“Malaysians shun 3D jobs not because of low wages. The 3D jobs are looked down socially and people doubt the 3D jobs are given any recognition,” he had said. While he may be right in a way, he is wrong to say low wages are not a deterrent. Try raising the minimum wage to a liveable one like RM2,500 a month in the 3D sector, and you will get many Malaysians taking up the jobs.

And of course, treat them with respect by making sure they are provided proper professional attires which take care of their security and safety. Bring dignity back to their jobs they do and boost their self-esteem with decent wages.

Instead of calling it 3D, add the word “Dignified” and make it 4D. Stop treating them like pieces of dirt. Give back their dignity and humanity so that they will work with passion and commitment, with much pride.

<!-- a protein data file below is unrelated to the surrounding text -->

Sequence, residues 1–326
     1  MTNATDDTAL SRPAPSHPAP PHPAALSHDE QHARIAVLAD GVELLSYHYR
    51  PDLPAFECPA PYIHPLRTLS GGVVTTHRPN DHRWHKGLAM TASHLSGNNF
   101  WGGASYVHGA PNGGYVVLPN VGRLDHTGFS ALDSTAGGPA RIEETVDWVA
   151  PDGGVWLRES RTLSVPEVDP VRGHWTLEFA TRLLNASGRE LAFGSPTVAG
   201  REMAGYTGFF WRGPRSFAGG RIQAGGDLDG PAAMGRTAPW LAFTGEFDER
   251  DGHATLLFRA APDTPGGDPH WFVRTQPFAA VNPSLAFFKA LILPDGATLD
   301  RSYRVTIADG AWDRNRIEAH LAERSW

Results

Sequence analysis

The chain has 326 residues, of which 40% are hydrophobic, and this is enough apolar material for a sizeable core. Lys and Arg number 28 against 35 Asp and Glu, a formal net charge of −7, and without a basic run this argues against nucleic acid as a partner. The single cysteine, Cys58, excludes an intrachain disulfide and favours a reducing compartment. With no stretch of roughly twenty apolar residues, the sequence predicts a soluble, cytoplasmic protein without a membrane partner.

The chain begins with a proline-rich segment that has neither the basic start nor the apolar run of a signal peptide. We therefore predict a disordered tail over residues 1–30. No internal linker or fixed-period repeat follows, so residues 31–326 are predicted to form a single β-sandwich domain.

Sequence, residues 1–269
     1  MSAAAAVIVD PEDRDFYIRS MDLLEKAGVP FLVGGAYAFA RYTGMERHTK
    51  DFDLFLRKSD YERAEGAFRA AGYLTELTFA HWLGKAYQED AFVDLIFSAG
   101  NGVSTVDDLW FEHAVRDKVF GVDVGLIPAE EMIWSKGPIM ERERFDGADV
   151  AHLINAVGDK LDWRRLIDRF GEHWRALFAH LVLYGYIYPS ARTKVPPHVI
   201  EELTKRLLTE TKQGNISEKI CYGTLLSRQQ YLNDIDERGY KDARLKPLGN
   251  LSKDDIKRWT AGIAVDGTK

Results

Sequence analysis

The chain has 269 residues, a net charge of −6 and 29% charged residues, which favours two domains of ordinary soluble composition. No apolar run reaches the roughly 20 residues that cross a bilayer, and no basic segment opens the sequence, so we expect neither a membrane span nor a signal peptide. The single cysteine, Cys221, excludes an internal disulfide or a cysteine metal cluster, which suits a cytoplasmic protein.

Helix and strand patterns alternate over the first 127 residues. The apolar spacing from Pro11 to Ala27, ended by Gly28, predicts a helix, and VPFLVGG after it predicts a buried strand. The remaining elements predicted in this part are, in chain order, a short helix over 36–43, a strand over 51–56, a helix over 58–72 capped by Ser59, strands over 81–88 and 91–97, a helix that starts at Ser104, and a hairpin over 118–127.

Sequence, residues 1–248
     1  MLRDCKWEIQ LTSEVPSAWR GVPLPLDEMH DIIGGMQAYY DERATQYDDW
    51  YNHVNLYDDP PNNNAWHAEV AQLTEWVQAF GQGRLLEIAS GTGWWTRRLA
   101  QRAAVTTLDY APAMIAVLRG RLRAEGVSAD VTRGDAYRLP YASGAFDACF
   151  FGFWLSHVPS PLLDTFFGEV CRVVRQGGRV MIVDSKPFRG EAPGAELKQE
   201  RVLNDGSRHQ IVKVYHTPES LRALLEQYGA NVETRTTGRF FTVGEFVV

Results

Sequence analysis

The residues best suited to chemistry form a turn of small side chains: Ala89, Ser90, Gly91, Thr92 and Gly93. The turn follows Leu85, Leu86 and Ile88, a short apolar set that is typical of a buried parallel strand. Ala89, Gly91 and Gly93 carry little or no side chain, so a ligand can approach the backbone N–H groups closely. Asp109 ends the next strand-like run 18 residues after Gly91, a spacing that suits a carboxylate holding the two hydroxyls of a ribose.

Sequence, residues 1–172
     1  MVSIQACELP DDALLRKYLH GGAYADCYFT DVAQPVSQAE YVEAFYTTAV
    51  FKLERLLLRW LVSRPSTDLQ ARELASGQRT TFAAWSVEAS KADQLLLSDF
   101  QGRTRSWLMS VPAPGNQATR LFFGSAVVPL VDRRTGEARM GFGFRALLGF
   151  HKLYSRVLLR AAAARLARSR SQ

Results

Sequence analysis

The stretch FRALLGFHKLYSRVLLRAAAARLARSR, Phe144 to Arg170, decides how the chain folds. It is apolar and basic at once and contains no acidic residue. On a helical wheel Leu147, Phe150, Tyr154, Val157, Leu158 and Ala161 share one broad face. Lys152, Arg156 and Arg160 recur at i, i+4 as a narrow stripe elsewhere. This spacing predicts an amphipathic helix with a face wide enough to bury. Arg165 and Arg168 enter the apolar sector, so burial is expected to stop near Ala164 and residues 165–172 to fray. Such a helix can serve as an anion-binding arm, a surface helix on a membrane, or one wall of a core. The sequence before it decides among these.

The best way I can think of is for Malaysia to start planting the seeds of dignity for these workers by raising their minimum wages to RM2,000 a month, providing them with proper work attire, periodic health checks and proper job security.

Until and unless this is done, we will continue exploiting these category of workers so that we can keep calling it the 3D sector to continue paying them peanuts. In the meantime, I would advise Saravanan to start looking at the root causes on why this sector is not attracting Malaysians.


K. Parkaran is a freelance journalist and media advisor currently. He was the Deputy Editor in The Star and a Senior Producer with Aljazeera International before.


DISCLAIMER: The views and opinions expressed in this article are those of the authors and do not necessarily reflect the official policy or position of